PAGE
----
Woods, Mickelson tee it up

Thoughts of '05 dramatics raise Doral expectations

nine of world's top 10 in tournament

March 02, 2006|By DON MARKUS | DON MARKUS,SUN REPORTER

Miami -- As usual, Tiger Woods and Phil Mickelson managed to avoid being in the same place for most of the PGA Tour's West Coast swing.

Except for the Buick Invitational at Torrey Pines, which Woods won and in which Mickelson finished tied for eighth, the PGA Tour's biggest draws haven't been together in 2006.

That will change today when Woods and Mickelson are part of a field that includes nine of the world's top 10-ranked players in the Ford Championship at Doral. What happened here between the two in the final round last year still reverberates, with hopes of it being reprised come Sunday.

A year ago, Woods shot a final-round 66, overcoming a two-stroke deficit and going ahead with a birdie on 17 before watching Mickelson's chip-in to tie at 18 appear to be heading for the hole before curling away from the cup at the last moment.

"I would love to get in that position again," Mickelson said yesterday. "I want to have a chance to win the tournament, obviously. It would be great if I had a chance to go head-to-head against Tiger, it would be great if I had a chance to go head-to-head against anybody in the top 10 in the world."

Said Woods: "It's just fun. It's an opportunity to go one-on-one and eyeball-to-eyeball because you don't get a chance to do that very often."

This time, Woods and Mickelson come into Doral with varying levels of confidence.

After winning his first two events -- following up a playoff victory in San Diego with another in Dubai -- Woods barely made the cut in the Nissan Open, withdrew because of the flu and then was knocked out of last week's Match Play Championship in the third round.

Mickelson played well on the West Coast, but has had problems with his putting. He also lost in the third round last week.

"In the past, I have not putted Bermuda [greens] well," Mickelson said. "But as I've played more and more, listened to Bones, my caddie, who grew up playing Bermuda greens, I'm feeling much more comfortable on these surfaces. Last year, I putted very well [at Doral] and I should hopefully have a good week this week."

Given the strength of the field this week, the history of the Blue Monster course as well as the tournament, Doral has the feel of a major. Next year, it will be the site of the season's first World Golf Championship event, with Computer Associates taking over as its sponsor and the tournament being played late in the Florida swing rather than first.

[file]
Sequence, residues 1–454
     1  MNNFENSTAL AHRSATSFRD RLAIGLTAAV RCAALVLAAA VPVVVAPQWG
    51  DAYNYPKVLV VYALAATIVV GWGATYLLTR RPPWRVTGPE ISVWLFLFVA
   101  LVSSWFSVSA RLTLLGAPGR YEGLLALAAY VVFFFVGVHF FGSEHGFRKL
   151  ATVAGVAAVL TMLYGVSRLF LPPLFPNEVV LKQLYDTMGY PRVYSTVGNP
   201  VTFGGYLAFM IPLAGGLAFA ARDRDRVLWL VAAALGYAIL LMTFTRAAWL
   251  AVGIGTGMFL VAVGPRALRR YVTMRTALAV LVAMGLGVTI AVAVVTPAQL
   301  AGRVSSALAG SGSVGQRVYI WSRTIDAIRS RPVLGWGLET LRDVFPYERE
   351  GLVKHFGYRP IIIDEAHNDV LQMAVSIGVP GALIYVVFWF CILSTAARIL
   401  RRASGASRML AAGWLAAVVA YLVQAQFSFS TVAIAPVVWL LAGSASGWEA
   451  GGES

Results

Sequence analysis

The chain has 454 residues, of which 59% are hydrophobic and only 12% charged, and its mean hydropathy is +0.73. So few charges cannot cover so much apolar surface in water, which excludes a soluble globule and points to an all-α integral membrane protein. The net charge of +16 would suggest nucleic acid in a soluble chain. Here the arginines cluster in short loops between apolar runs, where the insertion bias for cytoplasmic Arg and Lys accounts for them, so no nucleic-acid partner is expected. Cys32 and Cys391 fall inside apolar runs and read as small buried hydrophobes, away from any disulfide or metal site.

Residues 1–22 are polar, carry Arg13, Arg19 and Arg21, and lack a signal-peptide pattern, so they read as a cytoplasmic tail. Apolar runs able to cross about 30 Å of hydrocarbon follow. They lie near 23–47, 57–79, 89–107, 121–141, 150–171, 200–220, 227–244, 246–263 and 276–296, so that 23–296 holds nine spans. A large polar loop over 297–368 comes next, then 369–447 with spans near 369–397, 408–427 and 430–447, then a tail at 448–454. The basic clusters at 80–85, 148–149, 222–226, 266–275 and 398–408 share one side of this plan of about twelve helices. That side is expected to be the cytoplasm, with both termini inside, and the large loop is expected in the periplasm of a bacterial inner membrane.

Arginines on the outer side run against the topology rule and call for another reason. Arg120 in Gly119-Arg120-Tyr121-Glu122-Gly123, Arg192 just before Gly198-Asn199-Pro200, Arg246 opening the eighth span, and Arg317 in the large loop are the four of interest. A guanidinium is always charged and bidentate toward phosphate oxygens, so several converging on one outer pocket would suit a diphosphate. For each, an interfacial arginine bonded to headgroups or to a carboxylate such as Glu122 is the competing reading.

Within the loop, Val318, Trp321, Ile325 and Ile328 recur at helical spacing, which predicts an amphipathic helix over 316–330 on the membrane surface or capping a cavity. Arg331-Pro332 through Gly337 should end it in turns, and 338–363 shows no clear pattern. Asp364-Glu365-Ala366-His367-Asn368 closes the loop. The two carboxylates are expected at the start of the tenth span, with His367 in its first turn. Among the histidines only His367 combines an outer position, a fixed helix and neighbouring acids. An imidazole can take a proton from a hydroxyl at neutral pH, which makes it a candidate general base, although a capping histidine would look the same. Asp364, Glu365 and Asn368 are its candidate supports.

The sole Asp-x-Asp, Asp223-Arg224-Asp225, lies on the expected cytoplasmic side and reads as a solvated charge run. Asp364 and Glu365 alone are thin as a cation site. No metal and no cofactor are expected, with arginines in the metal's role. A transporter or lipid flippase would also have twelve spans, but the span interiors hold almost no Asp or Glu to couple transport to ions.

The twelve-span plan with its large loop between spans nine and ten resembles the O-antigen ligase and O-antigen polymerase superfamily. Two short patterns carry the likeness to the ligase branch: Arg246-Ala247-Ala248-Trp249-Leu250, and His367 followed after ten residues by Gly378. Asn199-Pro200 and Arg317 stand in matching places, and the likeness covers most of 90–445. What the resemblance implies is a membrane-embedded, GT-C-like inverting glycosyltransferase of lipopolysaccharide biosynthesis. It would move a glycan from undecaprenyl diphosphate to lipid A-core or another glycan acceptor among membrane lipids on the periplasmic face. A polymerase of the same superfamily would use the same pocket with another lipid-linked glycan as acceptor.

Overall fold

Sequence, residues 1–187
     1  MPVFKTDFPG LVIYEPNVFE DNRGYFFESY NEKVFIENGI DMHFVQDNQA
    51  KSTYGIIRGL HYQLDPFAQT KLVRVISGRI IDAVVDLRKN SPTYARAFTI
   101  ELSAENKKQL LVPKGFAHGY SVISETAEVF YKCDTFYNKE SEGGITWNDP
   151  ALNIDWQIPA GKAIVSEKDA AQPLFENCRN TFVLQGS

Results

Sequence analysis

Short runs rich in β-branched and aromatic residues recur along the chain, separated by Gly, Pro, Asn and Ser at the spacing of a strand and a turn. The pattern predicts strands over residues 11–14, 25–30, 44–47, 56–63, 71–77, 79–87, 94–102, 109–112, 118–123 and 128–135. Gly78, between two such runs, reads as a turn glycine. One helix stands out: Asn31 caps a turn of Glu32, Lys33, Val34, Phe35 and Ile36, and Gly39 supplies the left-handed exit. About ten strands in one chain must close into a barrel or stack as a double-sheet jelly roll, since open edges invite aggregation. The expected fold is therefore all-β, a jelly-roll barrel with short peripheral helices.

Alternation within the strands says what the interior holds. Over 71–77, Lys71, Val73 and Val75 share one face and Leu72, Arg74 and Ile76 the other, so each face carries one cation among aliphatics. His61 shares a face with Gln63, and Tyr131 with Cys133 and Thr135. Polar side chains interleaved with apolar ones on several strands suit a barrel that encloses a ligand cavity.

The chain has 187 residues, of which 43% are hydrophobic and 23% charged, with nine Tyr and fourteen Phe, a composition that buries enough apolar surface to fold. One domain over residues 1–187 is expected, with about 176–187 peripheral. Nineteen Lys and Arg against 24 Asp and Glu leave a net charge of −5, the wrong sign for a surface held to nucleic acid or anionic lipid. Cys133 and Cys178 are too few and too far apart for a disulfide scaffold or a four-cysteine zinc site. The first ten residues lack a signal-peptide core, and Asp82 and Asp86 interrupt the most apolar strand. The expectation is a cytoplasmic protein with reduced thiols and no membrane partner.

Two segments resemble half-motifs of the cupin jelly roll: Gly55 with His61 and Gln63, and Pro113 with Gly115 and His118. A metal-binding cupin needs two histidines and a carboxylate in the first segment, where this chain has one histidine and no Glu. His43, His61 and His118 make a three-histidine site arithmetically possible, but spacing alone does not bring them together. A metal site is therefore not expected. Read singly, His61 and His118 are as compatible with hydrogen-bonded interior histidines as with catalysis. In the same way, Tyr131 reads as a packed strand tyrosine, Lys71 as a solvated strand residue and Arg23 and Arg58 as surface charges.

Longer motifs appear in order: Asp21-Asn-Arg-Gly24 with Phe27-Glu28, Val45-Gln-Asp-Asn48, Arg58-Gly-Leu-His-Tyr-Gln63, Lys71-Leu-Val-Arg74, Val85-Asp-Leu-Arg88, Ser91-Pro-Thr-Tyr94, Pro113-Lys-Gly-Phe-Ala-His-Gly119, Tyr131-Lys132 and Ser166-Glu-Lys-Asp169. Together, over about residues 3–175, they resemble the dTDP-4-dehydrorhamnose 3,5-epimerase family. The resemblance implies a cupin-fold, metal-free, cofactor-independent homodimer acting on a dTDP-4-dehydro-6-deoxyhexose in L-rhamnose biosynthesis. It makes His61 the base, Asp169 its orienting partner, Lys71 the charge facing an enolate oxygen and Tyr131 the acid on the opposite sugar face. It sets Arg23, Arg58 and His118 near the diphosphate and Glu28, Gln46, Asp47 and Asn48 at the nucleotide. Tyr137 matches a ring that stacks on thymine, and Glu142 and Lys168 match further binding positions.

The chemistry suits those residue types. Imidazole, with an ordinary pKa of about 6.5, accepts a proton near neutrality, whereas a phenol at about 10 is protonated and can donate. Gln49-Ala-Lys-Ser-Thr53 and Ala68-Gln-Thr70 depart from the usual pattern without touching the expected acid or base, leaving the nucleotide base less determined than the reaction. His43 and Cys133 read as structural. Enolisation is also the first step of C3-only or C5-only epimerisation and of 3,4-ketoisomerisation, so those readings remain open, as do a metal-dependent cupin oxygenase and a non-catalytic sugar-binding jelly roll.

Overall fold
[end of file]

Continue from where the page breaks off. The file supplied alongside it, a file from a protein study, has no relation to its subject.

"I think once they improved the golf course, once they basically made the changes and went back to how it was played, you see a lot of the guys coming back," Woods said.

With the exception of eighth-ranked Adam Scott of Australia, everyone in the top 10 will be playing.

Vijay Singh, ranked second behind Woods, lost in a playoff in the season-opening Mercedes Championships and has three other top 10s. Retief Goosen of South Africa, ranked third, played in his first PGA Tour event of the season last week, losing in the quarterfinals. Ernie Els, coming back from knee surgery and ranked fourth, lost to Woods in the playoff in Dubai but has yet to be a factor in his first two PGA Tour events.

Asked how much more excitement is generated at tournaments when one or more of the big names is in the hunt, Woods said: "I think you've kind of seen that. You've seen the top guys up there. Sometimes maybe not, you've seen myself, Mickelson, Goose, Ernie or Vijay, generally one of us five in just about every major championship."

Mickelson spent yesterday afternoon practicing on one of Doral's four adjacent courses. Thinking he was on the par-5 16th of the Red course, Mickelson and his swing coach, Rick Smith, actually were on the 16th of the Gold course, forcing those playing through to tee it up from about 175 yards out.

But forgive Mickelson for his confusion.

All he has heard about and seen since arriving here earlier this week has been what happened a year ago against Woods, one shot in particular.

"Unfortunately, they have the video running on one of the channels here at the hotel, so I get to see it every night. Isn't that great?" Mickelson said of his final chip. "Every time I look at it with 3 or 4 feet to go, it looks like it's going to go right in the middle."

He smiled.

"I keep waiting for the video to change, but it never does."

don.markus@baltsun.com

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